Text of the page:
I wasn’t sure Super Linda‘s new takeout counter warranted the full First Impressions treatment, but then I thought of how popular Tribeca’s two Chipotles are, and it seemed a nice counterpoint—a homegrown alternative to the national chain. And since Super Linda hasn’t, um, exactly been known for its food or its service, I was curious how the takeout counter—where speed is important and liquor doesn’t soften the blow or make the food less relevant—would fare. Not least of all, I could consider my lunch a tax deduction.
It’s a pretty cute space—you access it via the door on the north side of Super Linda proper—that appears to be doing double duty as Super Linda’s coffee bar. It looks of a piece with its madre, as art-directed as all get out, but there’s a slight discrepancy between the slick newness and the Third World roadside taqueria aesthetic. On the other hand, one can’t really complain that a restaurant looks too clean. The abundant light is a pleasure, and I say that as someone who can’t stand atriums (atria?). I just can’t.
I was handed a paper takeout-style menu (left) when I walked in. There are tacos and tortas (pressed sandwiches), a couple soups and salads (I can’t tell if the salads are made fresh—there were two premade ones in the refrigerated case), and a bunch of sides. I only realized later that the menu above the counter lists all sorts of dishes that are not on the paper menu. I ordered two tacos (one fish, one carne asada), and a side of rice and beans. I asked the sweet cashier whether I should order the salsa verde or the chile de arbol sauce, each of which costs $1. “They’re both hot,” she said, shrugging. So I went for both, even though they seem like something that should be included when a taco is $5. And I ordered a Squirt—in a tall glass bottle!—because the Californian me can’t resist it.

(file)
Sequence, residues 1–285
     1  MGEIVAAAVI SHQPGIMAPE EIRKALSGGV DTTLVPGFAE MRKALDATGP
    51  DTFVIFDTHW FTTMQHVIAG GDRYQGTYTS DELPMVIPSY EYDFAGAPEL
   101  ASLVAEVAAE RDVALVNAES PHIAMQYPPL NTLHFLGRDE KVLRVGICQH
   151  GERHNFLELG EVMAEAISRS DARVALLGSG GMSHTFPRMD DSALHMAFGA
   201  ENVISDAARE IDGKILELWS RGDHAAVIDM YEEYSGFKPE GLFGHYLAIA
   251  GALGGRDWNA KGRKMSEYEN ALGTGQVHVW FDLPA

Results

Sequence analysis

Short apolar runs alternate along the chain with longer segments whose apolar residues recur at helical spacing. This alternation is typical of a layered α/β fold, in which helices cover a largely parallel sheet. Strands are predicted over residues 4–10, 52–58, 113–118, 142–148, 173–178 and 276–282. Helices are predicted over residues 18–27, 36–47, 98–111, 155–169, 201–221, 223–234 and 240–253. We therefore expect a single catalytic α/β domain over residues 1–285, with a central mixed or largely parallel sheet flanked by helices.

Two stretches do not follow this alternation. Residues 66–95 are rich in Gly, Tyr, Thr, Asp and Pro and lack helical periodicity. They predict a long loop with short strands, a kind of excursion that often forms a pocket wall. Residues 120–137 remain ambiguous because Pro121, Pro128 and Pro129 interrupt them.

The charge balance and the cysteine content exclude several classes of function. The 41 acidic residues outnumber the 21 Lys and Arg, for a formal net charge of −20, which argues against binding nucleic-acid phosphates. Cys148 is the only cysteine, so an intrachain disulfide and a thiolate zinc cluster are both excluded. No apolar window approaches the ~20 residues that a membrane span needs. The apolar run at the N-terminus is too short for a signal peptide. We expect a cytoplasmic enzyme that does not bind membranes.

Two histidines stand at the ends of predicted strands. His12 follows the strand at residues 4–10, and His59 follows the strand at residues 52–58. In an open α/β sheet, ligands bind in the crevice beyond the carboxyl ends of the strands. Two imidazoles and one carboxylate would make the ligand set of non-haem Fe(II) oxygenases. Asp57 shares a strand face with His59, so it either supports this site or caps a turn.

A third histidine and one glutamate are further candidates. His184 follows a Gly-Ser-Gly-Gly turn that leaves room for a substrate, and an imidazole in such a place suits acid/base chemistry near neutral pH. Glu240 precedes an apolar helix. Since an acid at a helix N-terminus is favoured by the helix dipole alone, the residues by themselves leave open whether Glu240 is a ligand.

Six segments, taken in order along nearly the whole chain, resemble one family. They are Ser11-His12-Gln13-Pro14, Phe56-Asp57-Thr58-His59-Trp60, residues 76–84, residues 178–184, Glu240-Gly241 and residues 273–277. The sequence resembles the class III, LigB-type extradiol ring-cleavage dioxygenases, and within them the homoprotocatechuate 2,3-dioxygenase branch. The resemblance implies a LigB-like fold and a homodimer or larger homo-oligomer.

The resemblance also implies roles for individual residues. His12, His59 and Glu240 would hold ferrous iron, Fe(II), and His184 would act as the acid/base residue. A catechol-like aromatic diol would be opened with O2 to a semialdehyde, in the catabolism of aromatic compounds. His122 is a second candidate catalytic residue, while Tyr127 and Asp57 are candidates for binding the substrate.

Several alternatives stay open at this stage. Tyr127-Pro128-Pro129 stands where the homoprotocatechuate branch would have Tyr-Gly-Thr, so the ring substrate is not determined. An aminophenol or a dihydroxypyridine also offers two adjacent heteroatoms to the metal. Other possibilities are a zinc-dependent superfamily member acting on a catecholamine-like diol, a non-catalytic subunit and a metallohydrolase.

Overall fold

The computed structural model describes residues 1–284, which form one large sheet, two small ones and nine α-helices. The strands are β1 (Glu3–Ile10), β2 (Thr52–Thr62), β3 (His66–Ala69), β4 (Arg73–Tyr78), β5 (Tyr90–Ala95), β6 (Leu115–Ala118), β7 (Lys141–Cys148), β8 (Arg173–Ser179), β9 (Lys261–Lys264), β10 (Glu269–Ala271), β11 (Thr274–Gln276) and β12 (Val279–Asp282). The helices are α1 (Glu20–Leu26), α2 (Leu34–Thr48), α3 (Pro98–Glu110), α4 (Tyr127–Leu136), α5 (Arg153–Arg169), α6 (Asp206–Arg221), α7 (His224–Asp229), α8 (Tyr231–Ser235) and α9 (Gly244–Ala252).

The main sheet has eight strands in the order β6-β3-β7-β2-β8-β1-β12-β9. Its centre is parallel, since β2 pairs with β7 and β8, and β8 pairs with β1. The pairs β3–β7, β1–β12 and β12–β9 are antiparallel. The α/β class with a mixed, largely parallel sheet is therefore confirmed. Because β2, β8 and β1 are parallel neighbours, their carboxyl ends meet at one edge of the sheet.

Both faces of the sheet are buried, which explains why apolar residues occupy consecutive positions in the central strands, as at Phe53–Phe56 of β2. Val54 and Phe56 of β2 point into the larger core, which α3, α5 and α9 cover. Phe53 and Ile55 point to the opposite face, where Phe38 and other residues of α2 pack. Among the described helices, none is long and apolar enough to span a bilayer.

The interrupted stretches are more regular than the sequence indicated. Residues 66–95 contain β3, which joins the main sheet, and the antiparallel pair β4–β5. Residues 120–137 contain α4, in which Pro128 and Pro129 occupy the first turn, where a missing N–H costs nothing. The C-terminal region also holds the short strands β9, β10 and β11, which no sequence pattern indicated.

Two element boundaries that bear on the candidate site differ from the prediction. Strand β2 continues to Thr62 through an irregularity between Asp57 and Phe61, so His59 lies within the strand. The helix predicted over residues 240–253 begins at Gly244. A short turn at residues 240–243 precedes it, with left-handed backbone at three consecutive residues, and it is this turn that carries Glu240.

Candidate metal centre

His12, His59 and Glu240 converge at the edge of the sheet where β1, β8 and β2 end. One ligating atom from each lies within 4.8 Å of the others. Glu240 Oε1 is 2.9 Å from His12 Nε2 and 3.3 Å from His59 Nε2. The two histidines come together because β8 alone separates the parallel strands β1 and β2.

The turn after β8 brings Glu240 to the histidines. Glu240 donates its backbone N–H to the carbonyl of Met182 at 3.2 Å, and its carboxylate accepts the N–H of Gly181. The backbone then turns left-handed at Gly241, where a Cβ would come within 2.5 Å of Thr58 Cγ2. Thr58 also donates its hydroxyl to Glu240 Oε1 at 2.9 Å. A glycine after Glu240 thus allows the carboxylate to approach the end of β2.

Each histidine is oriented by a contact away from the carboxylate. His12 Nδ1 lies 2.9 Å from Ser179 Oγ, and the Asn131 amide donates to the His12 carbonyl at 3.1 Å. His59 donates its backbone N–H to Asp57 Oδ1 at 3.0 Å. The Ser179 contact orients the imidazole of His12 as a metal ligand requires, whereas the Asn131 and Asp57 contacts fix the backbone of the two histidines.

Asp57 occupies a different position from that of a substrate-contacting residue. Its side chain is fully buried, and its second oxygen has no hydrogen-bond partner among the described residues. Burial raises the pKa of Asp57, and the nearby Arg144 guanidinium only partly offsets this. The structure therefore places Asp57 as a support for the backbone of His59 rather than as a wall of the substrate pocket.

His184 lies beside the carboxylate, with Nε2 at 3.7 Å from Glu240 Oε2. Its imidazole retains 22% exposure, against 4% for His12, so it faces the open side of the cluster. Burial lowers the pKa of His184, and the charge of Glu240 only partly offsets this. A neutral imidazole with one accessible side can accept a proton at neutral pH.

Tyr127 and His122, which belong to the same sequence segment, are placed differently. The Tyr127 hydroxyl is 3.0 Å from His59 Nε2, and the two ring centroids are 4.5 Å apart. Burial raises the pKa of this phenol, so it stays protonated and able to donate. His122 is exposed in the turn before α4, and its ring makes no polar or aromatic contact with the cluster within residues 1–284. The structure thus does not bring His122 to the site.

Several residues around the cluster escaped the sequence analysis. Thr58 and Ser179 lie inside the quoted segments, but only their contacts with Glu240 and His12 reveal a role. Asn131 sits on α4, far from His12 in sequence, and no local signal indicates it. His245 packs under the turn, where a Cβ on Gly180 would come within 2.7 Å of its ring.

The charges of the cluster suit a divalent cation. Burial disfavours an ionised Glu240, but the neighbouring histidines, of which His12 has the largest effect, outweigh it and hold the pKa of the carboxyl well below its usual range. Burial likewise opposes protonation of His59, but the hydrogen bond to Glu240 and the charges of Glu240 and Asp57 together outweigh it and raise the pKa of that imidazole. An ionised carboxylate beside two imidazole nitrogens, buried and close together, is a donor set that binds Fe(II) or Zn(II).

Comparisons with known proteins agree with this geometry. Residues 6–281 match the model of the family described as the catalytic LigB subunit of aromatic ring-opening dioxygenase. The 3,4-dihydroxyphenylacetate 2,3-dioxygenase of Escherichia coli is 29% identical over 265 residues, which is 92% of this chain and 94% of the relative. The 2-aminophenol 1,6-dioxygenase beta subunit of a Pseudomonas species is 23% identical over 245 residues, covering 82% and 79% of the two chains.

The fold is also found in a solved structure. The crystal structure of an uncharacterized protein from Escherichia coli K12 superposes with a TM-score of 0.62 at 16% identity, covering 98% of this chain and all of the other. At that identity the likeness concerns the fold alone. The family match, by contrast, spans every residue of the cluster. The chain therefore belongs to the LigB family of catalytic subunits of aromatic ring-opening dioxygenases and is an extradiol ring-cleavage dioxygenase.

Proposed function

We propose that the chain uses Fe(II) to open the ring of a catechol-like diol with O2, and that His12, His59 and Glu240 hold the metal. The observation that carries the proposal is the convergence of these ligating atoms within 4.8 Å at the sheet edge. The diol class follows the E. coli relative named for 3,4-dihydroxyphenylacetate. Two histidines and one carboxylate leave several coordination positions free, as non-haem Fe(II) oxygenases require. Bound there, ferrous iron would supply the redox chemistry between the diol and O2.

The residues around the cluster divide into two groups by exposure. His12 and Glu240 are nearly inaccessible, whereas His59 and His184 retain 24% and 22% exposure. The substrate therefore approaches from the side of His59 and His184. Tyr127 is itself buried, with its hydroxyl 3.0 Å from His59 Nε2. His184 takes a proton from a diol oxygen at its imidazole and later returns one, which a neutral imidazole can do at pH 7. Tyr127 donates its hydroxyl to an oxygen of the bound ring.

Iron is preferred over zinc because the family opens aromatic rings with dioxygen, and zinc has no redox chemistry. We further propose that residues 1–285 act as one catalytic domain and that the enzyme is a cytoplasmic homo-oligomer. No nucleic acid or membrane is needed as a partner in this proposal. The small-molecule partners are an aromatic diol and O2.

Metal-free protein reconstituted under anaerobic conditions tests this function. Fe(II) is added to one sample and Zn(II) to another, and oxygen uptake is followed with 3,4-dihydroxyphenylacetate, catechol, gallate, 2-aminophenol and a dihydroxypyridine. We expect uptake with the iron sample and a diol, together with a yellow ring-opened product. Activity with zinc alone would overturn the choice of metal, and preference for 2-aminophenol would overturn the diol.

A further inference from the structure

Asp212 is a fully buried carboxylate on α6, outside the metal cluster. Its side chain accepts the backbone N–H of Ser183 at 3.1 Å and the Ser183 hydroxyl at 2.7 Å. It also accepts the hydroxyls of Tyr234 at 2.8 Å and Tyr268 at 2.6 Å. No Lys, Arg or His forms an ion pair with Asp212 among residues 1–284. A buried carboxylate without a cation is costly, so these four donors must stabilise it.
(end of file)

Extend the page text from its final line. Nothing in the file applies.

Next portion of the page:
Super Linda isn’t going to be mistaken for Super Rapida anytime soon, and Chipotle is a well-oiled machine in contrast. The taqueria opened Saturday, so some kinks are acceptable, I suppose. But get this: To communicate with the kitchen, the cashier has to stick her head in what looks like a ventilator shaft, yell upward, and hope for a response. While I waited, I passed the time by admiring the staff’s dewiness.
There’s nowhere to sit and eat, so I headed over to Bogardus Plaza and unwrapped my lunch, disappointed to find neither salsa verde nor chile de arbol sauce. I sighed and devoured my tacos—tasty, if not exactly subtle, but Downtown Lunch is not going to be happy with the amount of food for the money—and figured I’d eat the rice and beans at home (where I could nuke them, which they needed, and spice them up, which they also needed), stopping for my sauces on the way. First, I checked the receipt to make sure I had indeed paid for the sauces. I assumed I must have, because the bill was $20 on the nose, and it was hard to imagine getting to $20 without that extra $2.
Oh. Unable to get my head around paying $2 more for that lunch, tax deduction or no, I decided to forget the sauces. Then I noticed that the cashier had rounded my bill up from $19.60 to $20, which struck me as outrageous. Wait, the receipt lists a short rib taco ($4) instead of a fish taco ($4.50), so I guess she was saving me a dime…?
And that’s when I began to wonder if I had eaten a short rib taco instead of a fish taco, and I couldn’t remember, which is never where you want to end up.
Super Linda’s taqueria is at 112 Reade (enter on W. Broadway); open from noon to 10 p.m.
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